April 10, 2012 at 2:56 am
Despite a Republican filibuster attempt in the Senate, the General Assembly successfully passed legislation that would implement a stormwater pollution fee to raise revenue to cleanup the Chesapeake Bay.
Approved by the Senate and House of Delegates minutes before the end of the legislative session, the bill, HB987, requires nine counties and Baltimore City to establish a watershed protection and restoration program.
Local governments would charge property owners a fee based on the amount of pavement on their property. It would be at the jurisdiction of the local governments to determine the size of those fees.
Counties and municipalities would take various steps, such as planting trees, to reduce watershed pollution caused by stormwater runoff.
Sponsored by Del. Tom Hucker, D-Montgomery, survival of the bill was questionable as it became bogged down in the Senate on Monday. Debate on the bill was delayed several times as the Senate considered various conference committee reports on the budget package.
Pipkin offers dozen amendments
Republicans, who have labeled the bill a $6 billion tax on counties based on the projected funding needed over 13 years, launched prolonged debate of the bill by proposing a number of unfriendly amendments.
Senate Republican Leader E.J. Pipkin proposed 12 amendments, none of which were adopted. Pipkin said the bill was essentially an attempt to tax rain water.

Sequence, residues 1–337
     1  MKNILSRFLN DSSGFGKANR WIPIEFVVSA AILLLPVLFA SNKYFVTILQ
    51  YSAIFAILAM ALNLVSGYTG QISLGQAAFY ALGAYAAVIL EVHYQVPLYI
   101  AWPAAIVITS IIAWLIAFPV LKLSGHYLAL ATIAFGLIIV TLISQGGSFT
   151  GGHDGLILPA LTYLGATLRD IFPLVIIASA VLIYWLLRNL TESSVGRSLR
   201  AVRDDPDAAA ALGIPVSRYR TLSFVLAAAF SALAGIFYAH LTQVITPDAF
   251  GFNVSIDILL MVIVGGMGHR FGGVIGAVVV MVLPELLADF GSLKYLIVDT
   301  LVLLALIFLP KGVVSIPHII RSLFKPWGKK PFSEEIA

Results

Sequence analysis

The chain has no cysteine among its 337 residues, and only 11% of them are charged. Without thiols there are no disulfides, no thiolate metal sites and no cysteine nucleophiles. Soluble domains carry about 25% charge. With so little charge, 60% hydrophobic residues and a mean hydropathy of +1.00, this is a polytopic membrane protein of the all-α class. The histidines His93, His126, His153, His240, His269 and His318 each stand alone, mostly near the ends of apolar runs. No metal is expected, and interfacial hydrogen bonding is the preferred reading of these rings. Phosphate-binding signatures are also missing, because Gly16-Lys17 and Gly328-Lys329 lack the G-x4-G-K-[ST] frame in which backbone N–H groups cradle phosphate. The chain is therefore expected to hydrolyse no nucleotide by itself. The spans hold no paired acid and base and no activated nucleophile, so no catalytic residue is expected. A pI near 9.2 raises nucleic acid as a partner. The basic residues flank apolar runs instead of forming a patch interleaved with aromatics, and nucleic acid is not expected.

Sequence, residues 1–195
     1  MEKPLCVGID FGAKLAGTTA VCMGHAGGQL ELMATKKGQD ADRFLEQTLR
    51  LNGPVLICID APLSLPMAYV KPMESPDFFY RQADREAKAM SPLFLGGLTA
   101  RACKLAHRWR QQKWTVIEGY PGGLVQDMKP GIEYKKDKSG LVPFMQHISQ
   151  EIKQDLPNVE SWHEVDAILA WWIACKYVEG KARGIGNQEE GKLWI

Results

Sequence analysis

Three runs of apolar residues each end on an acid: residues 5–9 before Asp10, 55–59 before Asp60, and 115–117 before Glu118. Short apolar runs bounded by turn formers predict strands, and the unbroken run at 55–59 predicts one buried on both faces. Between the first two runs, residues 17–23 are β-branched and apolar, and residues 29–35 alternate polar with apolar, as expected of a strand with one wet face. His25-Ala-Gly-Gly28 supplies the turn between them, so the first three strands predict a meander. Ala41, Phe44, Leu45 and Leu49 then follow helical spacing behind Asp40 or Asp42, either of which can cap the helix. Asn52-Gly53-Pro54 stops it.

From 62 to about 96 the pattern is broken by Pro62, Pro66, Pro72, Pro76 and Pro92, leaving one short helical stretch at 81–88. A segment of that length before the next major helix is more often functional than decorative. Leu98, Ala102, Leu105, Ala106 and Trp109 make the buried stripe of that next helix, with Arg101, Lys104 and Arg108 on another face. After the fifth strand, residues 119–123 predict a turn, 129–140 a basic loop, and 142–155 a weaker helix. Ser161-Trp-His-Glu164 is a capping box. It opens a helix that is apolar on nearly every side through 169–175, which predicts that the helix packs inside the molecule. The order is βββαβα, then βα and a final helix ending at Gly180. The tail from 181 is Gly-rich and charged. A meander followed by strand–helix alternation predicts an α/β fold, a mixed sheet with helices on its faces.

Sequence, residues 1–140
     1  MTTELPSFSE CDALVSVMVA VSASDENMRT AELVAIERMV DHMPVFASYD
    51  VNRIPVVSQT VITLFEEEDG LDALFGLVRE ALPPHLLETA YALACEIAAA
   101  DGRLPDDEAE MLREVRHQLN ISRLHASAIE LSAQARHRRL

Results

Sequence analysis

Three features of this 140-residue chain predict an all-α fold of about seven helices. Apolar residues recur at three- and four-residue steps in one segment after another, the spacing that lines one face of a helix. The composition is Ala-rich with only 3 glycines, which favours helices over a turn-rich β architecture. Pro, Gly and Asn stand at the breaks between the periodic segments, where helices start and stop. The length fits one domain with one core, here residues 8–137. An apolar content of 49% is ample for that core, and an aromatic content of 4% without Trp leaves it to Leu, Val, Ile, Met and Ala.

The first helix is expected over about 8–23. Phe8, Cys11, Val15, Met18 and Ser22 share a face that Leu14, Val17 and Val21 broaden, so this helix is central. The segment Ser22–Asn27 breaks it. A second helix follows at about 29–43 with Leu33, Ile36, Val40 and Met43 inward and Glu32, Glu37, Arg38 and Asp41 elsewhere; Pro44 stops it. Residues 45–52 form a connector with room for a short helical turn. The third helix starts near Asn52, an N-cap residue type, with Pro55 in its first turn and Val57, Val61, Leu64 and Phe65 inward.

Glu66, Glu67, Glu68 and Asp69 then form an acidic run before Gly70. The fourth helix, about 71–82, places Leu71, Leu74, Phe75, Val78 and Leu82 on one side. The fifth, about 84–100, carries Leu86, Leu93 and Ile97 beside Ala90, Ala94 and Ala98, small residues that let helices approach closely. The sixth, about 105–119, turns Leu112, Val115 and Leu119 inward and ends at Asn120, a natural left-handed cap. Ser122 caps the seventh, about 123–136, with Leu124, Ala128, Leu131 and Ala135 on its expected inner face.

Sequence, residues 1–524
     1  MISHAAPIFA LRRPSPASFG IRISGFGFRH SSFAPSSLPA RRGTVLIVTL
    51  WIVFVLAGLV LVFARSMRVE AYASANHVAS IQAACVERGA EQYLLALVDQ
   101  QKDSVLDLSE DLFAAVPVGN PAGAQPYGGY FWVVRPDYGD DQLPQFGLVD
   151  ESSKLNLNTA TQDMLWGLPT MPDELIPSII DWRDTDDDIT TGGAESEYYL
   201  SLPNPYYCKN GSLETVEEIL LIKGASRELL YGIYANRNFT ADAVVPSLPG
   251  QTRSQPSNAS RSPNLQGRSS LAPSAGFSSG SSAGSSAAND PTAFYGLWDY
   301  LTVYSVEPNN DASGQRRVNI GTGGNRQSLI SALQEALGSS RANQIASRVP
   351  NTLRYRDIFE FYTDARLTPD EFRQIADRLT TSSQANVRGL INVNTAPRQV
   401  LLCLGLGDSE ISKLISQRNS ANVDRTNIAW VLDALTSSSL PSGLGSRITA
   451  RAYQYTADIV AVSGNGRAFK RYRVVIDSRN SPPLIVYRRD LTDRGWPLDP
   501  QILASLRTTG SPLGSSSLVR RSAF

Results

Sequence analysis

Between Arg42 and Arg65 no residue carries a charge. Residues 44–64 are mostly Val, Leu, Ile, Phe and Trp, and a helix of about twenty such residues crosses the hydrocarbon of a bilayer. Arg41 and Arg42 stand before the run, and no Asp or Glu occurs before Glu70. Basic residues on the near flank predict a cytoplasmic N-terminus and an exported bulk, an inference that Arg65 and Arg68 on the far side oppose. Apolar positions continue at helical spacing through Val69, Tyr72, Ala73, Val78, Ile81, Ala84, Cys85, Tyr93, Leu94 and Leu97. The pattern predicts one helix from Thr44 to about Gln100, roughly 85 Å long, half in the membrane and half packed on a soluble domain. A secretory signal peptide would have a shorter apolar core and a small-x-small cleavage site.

Sen. Paul Pinsky, D-Prince George’s, argued Republicans should like the bill, noting it gave power back to the counties to determine the fee and held them responsible for pollution caused at the local level.
Democrats broke the filibuster by approving a motion to limit floor debate to 20 minutes per side. The chamber approved the bill 33-14 to applause from the gallery, which was quickly stifled by Senate President Mike Miller who was eager to move onto other issues on the agenda.
Although Republicans were unsuccessful in their attempts to amend the bill, an amendment proposed by Sen. Jamie Raskin, D-Montgomery, was adopted by the Senate. Raskin’s amendment excluded properties owned by state or local governments and volunteer fire departments from being subject to the fee. Raskin argued the amendment was part of the “public-private principal” and that it did not make sense for the government to tax itself.
With only 20 minutes remaining before adjournment, the amended bill was sent to the House, which approved the legislation 91-45. Gov. Martin O’Malley is expected to sign the legislation into law.